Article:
When evaluating a business, the discount rate is the firm's Weighted Average Cost of Capital or WACC. A company's WACC is the average rate it expects to pay its stakeholders to finance its assets.
Bonds and other securities are a bit simpler. For other assets, the discount rate is equal to the interest rate on the investment itself. Since you won't know if this rate will change in the future, you'll simply use the rate from the initial investment when performing your calculation.
Plug these values into the DCF formula
Once you have these figures, you'll simply plug them into the DCF formula. Remember, you'll perform this calculation for each year in your time period, which will help you evaluate future cash flows over time.
This step is where using a spreadsheet can be helpful, as it will make it far easier to crunch the numbers and compare discounted cash flows for multiple investment periods.
Evaluate your investment
Once you've calculated your discounted cash flow, you can decide on the prospective investment.
Suppose the DCF value is higher than the present value of the business or asset. In that case, the investment is likely to offer a favorable growth rate and provide a positive return on the initial investment.
On the other hand, if the DCF value is lower than the present value, the investment is unlikely to provide significant financial returns.
What if the discounted cash flow yields the same amount as the asset's present value? While this is unlikely, it means that the investment may simply allow you to break even.
However, remember that the discounted cash flow method estimates an investment asset's future value, so while these calculations provide concrete numbers, they are still not absolute.
Example of discounted cash flow analysis
How might an investment company calculate DCF for an upcoming project? The company would simply apply the formula using the method above.
For example, imagine your company considering investing in a specific project. The project will last three years, with the following projected cash flows each year:
- Year one: $1 million
- Year two: $2 million
- Year three: $3 million
The initial cost of the investment is $2.5 million. Is this project worth it for your company?
To answer this question, imagine that your company's WACC is 5%, which means you'll use 5% as their discount rate.
Plugging these numbers into the DCF formula, you get the following:
DCF = ($1 million)/(1+0.05)^1 + ($2 million)/(1+0.05)^2 + ($3 million)/(1+0.05)^3
If you take it each step at a time, you'll get the following values for each year (rounded to the nearest dollar):
- DCF year 1: $952,381
- DCF year 2: $1,814,059
- DCF year 3: $2,591,513
We get a final value of around $5.36 million by adding these numbers. Since the initial investment was $2.5 million, this project will be well worth the cost of the investment.
The limits of DCF analysis
DCF analysis is a helpful method for evaluating prospective investments and projects. However, this method has significant limitations.
For starters, these values are based on a series of estimates. If the expected cash flows prove inaccurate, this will distort the calculations of the discounted cash flows for each year. In other words, the final discounted cash flow value will only be as reliable as the estimates used to make these calculations.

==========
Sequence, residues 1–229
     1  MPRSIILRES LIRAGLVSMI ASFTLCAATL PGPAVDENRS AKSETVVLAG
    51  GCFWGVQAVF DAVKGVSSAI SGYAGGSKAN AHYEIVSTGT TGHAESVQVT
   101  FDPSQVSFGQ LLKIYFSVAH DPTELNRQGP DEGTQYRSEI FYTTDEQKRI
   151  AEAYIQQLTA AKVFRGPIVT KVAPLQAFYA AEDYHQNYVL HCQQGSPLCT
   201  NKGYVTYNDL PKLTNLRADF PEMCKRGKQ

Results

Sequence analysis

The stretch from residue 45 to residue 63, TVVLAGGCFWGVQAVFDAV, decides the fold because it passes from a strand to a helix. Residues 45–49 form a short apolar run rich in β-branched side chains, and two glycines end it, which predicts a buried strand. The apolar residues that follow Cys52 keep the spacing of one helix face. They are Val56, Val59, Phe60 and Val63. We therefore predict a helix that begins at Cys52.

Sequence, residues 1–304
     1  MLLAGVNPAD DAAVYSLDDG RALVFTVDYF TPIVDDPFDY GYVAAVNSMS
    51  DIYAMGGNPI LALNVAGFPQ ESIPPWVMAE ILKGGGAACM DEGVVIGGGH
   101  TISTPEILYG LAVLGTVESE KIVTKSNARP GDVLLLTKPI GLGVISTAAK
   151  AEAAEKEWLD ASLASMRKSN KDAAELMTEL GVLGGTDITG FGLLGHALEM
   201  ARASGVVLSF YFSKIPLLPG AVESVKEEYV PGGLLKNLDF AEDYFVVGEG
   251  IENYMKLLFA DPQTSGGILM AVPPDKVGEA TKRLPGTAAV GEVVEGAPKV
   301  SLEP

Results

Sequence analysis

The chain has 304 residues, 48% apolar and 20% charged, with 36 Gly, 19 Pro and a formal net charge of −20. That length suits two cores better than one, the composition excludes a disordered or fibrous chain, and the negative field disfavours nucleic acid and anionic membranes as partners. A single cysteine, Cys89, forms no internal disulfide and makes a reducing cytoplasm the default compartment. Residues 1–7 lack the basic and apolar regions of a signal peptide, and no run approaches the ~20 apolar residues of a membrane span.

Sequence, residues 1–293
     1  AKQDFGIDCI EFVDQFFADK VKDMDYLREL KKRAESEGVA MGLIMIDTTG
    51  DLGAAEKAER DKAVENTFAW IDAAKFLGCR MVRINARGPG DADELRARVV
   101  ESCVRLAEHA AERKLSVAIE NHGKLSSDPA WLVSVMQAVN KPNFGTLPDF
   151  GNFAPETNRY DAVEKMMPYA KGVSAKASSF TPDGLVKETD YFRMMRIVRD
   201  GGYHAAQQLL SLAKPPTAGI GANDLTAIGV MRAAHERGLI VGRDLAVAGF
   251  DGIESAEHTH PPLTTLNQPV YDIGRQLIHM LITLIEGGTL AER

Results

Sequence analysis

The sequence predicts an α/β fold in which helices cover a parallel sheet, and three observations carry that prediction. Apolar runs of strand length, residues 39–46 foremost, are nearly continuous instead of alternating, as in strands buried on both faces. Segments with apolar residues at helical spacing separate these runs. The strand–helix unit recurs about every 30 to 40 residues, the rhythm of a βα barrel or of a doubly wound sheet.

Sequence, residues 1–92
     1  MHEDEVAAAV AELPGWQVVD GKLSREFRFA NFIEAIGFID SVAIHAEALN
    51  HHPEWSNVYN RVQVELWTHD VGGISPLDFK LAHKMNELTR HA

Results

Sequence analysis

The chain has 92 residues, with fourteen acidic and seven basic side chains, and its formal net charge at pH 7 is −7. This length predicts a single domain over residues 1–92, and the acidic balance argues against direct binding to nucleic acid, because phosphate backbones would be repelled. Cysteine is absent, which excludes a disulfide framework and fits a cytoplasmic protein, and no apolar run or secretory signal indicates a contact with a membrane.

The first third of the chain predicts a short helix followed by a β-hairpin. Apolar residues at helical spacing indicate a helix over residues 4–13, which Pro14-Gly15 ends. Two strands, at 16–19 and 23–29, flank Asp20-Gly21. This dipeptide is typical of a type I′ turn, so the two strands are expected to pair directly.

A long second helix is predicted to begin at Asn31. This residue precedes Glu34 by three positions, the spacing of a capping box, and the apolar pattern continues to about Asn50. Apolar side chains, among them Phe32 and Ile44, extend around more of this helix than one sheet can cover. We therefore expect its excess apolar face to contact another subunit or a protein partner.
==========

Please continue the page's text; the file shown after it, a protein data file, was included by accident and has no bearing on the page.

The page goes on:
Additionally, the discount rate is based on interest rates and other valuations that can vary depending on a range of possibilities, such as the condition of the market, the company's growth rate, and the organization's risk profile.
Despite these limits, this method still provides investors with a valuable tool for evaluating potential investment opportunities and can also help determine whether a business's cost reflects the company's true or fair value.
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Frequently asked questions
Here are some of the top questions that investors ask about discounted cash flow:
You can use the DCF formula to assess the intrinsic value of investment opportunities and projects. You might perform an analysis when preparing to:
- Evaluate the cost of an entire company
- Estimate the value of a specific project
- Assess the value of a bond
- Assign a value to shares of stock in a company
- Perform an estimate on an investment property
- Implement a cost-saving initiative within a company
Some financial analyses will need to be performed regularly, such as when evaluating your company's operating cash flow. But you'll only perform discounted cash flow analysis when facing a major financial decision. The DCF formula will guide these decisions or provide data that senior management can use in creating company-wide policies.
The DCF model depends on an investor's ability to know the WACC value or an appropriate discount rate when calculating. But this discount rate can vary considerably, making it hard to pin down.
Additionally, there may be times when this discount rate is not known. This lack of knowledge can occur when you're considering the acquisition of a company. For example, you may not have access to the company's current value to translate this into meaningful data.
Other financial models can help you evaluate your investment opportunities and costs. These include:
- Internal rate of return (IRR)
- Modified internal rate of return (MIRR)
- Net present value (NPV)
You can also use multiple methods to evaluate a project or investment for major decisions. These methods can also be used when you don't know your WACC value or discount rate or if this rate is subject to a lot of variation. However, like DCF, all these methods still rely on the types of estimates that can vary in terms of reliability.